The International Diabetes Federation (IDF) has updated their advice regarding the annual fasting period Ramadan and how to control diabetes while fasting.

In Islamic faith, Ramadan commemorates the first revelation of the Quran to Muhammad and one billion Muslims across the globe are thought to observe Ramadan each year.

The time over which Ramadan occurs changes slightly each year, but this year it will start in early June. It sees practicing Muslims fast from dawn to dusk.

Having such a large restriction on diet can pose health risks to people with metabolic conditions, especially diabetes, so the IDF have updates their recommendations in order to help people stay healthy throughout the fasting.

People with diabetes are exempt from fasting through Ramadan, due to the potentially serious complications it could cause them, such as hypoglycemia, but many choose to do so.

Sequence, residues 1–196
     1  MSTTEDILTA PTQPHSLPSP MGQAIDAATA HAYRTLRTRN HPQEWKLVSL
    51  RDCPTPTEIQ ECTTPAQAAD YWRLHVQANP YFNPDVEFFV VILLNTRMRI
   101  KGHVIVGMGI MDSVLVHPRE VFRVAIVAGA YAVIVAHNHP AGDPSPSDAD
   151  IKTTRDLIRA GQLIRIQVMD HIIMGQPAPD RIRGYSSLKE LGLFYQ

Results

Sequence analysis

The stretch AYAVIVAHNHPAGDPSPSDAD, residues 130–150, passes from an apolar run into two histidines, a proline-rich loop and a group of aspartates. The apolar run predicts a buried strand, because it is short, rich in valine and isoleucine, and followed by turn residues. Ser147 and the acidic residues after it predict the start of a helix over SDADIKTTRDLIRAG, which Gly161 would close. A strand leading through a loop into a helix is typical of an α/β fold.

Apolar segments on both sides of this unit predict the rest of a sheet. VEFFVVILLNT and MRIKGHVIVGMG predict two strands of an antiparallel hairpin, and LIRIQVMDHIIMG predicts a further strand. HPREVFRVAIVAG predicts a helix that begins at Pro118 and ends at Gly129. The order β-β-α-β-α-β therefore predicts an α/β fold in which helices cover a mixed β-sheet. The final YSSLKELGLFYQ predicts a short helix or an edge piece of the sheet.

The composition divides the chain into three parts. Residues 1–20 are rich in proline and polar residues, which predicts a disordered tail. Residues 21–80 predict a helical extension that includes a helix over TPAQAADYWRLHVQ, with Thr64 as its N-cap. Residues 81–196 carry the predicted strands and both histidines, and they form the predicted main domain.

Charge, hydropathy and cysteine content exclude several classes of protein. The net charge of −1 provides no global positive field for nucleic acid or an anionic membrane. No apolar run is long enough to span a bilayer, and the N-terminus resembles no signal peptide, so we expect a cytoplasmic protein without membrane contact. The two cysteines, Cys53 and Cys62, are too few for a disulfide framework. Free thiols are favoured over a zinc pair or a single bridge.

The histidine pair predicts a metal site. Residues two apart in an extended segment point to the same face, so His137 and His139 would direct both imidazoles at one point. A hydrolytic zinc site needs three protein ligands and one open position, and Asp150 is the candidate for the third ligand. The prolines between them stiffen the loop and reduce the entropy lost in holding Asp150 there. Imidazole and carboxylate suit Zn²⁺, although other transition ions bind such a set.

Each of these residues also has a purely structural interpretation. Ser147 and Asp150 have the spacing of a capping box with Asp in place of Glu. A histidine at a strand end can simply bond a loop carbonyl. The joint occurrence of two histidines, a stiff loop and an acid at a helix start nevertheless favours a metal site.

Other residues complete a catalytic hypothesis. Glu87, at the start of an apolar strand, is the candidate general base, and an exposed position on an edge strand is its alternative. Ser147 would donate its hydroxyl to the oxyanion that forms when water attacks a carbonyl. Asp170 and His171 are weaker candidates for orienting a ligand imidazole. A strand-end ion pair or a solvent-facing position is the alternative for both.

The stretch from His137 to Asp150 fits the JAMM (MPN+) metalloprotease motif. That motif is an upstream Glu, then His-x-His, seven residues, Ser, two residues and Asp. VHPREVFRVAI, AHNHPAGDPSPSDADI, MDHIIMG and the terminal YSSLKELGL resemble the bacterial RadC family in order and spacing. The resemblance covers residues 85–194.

The guidelines state: “The decision about whether to fast should be made on an individual basis in consultation with the patient’s treating physician, taking into account the severity of illness and the level of risk involved.”

Commenting on the new guidelines, the chair of the Diabetes and Ramadan (DAR) International Alliance and a senior endocrinologist at Dubai Hospital, Dr Mohamed Hassanein, said to Medscape Medical News.

The document includes three different risk assessment categories, color coded for ease, which can help people to follow the best approach that they should take to fast throughout Ramadan, depending on the severity and state of their condition.

The new guidelines, called the Diabetes and Ramadan Practical Guidelines are available now for free on the IDF website.